Linda Ricci is one of the smarter, more well-rounded people I know. She’s a multi-talented designer and multi-media maker (having worked in metal, ceramics, textiles and yes the digital space), a serial entrepreneur (as one must be in this business), a trend and innovation expert, and a lover of all things tech. She’s brought all these loves together in her completely addictive blog The Decahedralist. I asked her to write about whatever was catching her fancy these days in the DesignCraft space, and this provocative piece is what she delivered. Love it. But what do you think? Will Design ever become Democratized? (And is that a good thing?) Join the conversation here, or on her blog.
Good design is expensive, whether it’s an antique, a handmade statement piece by a modern craftsperson or a luxury postmodern statement.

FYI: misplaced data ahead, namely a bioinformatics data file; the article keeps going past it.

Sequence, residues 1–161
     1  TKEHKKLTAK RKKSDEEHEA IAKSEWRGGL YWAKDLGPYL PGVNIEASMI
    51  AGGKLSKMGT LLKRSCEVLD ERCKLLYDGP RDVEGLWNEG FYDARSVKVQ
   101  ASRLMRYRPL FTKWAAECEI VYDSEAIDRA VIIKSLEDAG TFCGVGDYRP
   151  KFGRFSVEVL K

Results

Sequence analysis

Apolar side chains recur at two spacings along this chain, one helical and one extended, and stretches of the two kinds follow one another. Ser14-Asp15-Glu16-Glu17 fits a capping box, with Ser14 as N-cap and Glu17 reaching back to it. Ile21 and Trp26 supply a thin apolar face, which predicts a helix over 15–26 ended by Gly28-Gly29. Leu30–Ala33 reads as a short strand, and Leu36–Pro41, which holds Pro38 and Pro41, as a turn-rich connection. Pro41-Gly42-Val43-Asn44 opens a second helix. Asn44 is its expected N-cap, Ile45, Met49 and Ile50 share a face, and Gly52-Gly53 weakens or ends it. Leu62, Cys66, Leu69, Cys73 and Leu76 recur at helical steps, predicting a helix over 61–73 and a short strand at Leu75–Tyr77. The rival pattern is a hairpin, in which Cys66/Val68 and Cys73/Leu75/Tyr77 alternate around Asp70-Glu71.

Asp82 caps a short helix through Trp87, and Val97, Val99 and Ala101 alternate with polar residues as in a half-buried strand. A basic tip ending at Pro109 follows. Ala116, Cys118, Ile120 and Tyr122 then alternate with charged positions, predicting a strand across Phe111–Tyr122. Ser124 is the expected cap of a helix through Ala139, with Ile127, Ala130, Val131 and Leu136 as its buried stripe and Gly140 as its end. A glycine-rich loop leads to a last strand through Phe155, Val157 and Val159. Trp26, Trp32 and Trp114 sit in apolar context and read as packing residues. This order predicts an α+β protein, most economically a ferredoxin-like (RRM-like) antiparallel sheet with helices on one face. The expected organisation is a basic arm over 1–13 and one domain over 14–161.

Producing a piece of craft takes a long time to learn, a long time to make, and customers who appreciate the cost associated with all of this. The 20th century has seen the slow demise in the desire for “something handmade;” mass production and standardization have for the most part replaced the time and skill it takes to make things.
Part of the problem is that, frankly, many who make “crafts” approach it in a slightly egocentric way. They are the artist, they make what they like, and they then try to sell it, often through stores that sell on commission. Meaning, they need to put a lot of time, effort, and sometimes money (for the raw materials) into inventory that might sit at a retailers for months before they see any cash from the sale. Read More…